Thursday, November 27, 2008
The other night I was jolted awake at about 3 o'clock in the morning by an almighty crashing and smashing from under my house...my studio. My heart sank as my head filled with visions of collapsed kiln shelves and months of work smashed to pieces. I'd only just packed the kiln the day before, ready for a long-awaited firing. After a fitful sleep full of dreams of broken pots and tiles I finally dragged myself out of bed and down to the studio to check out the carnage. Oh the joy as I walked in and saw that a cute little second hand plate I'd hurriedly hung on the wall a few days before had slipped off its moorings and smashed to the floor! It must have been the quiet of 3am that made it sound more like twenty plates smashing! I checked the kiln just in case, and was still a little jumpy all day until the firing had finished! It all went swimmingly in the end. Here's a few pieces from it. A few new ranges of wall tiles (below) and some variations on an old range (above). Love a bird I do.
Friday, November 21, 2008
Yesterday Kenji, Li'l chubba and I paid a visit to Pru Morrison and Virginia Jones' new studio. They've set up house at the (relatively) new Metro Arts studio, which is housed in a great old renovated substation. I love visiting people in their studios. There is always so much to look at and so many intriguing objects lying around. The studio was piled high with half unpacked boxes of materials and tools and pots and paraphernalia and works in progress. And despite the fact that they'd scoffed most of the lamingtons by the time we got there (we were very late after getting stuck in a traffic jam) it was all forgiven when we got a sneak peak at Pru's new work for her upcoming show at Marks and Gardner. Pretty spiffy stuff. Way better than a lamington.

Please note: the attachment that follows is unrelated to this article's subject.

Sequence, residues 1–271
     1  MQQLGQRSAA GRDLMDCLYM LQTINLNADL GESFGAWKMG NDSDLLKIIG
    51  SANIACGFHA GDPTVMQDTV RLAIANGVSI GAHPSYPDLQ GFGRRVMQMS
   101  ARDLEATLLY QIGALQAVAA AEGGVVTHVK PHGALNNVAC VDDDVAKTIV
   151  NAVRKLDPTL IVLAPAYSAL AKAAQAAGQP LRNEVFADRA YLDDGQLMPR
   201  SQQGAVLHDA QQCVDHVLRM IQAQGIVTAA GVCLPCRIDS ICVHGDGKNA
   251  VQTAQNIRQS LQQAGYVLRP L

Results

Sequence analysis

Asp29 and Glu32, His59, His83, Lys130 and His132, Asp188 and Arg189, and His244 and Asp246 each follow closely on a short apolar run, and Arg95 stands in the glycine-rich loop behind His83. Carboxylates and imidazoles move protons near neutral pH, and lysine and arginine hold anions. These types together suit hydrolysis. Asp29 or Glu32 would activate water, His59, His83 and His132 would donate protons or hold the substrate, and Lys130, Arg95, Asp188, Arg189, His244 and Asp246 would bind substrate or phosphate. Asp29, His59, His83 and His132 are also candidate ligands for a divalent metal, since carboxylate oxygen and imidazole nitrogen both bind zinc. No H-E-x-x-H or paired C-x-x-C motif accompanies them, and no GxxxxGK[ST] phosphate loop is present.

Wednesday, November 19, 2008
Well if two major ceramics exhibitions aren't enough for those of you in Brisbane, then get thee back to Artisan to check out the latest Ivory Street Window exhibition, a collaborative work called The Colonisers by Lismore diva's Liz Stops and Laura McEwan. Laura and Liz are both interested in aspects of the colonisation of Australia by Europeans and its impact on both the land and the people.
Stops' work Fenceline, Defining a (white) Landscape is an undulating series of vessels that have been cast from old fence posts and represent the horizon line viewed from the windows of her house. It refers to the way "the landscape has been carved up and compartmentalised with little regard for sustainability or prior habitation". McEwan's work is made up of stylised porcelain flowers cast from a decorative iron cornice found in the 120 year old house in which she lives. The works are set on a backdrop of a hand drawn "wallpaper" pattern derived from an insidious creeper called mile-a-minute which McEwan says "is an apt metaphor for colonisation in its prolific growth and tendency to smother everything in its path". Thought provoking AND beautiful. Definitely worth a look. It's up until December 1st (and I'll post more pics shortly).